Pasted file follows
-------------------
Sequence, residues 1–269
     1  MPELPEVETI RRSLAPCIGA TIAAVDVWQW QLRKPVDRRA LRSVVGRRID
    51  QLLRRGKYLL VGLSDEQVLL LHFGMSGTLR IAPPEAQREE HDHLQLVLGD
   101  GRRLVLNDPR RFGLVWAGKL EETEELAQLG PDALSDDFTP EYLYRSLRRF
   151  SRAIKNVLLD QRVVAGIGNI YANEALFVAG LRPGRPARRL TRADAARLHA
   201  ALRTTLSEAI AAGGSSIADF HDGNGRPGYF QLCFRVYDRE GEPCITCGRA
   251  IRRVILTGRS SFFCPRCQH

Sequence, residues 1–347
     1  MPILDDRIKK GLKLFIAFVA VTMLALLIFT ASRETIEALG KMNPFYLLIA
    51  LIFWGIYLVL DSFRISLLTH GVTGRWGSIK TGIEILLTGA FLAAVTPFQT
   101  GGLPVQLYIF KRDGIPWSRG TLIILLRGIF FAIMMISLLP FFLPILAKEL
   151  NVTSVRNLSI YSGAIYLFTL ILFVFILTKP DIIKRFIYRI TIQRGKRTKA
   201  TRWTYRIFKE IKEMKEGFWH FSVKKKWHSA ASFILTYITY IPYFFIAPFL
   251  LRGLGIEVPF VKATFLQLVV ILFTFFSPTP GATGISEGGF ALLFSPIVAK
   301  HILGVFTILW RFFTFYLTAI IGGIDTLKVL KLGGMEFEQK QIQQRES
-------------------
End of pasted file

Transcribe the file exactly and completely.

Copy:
Sequence, residues 1–269
     1  MPELPEVETI RRSLAPCIGA TIAAVDVWQW QLRKPVDRRA LRSVVGRRID
    51  QLLRRGKYLL VGLSDEQVLL LHFGMSGTLR IAPPEAQREE HDHLQLVLGD
   101  GRRLVLNDPR RFGLVWAGKL EETEELAQLG PDALSDDFTP EYLYRSLRRF
   151  SRAIKNVLLD QRVVAGIGNI YANEALFVAG LRPGRPARRL TRADAARLHA
   201  ALRTTLSEAI AAGGSSIADF HDGNGRPGYF QLCFRVYDRE GEPCITCGRA
   251  IRRVILTGRS SFFCPRCQH

Sequence, residues 1–347
     1  MPILDDRIKK GLKLFIAFVA VTMLALLIFT ASRETIEALG KMNPFYLLIA
    51  LIFWGIYLVL DSFRISLLTH GVTGRWGSIK TGIEILLTGA FLAAVTPFQT
   101  GGLPVQLYIF KRDGIPWSRG TLIILLRGIF FAIMMISLLP FFLPILAKEL
   151  NVTSVRNLSI YSGAIYLFTL ILFVFILTKP DIIKRFIYRI TIQRGKRTKA
   201  TRWTYRIFKE IKEMKEGFWH FSVKKKWHSA ASFILTYITY IPYFFIAPFL
   251  LRGLGIEVPF VKATFLQLVV ILFTFFSPTP GATGISEGGF ALLFSPIVAK
   301  HILGVFTILW RFFTFYLTAI IGGIDTLKVL KLGGMEFEQK QIQQRES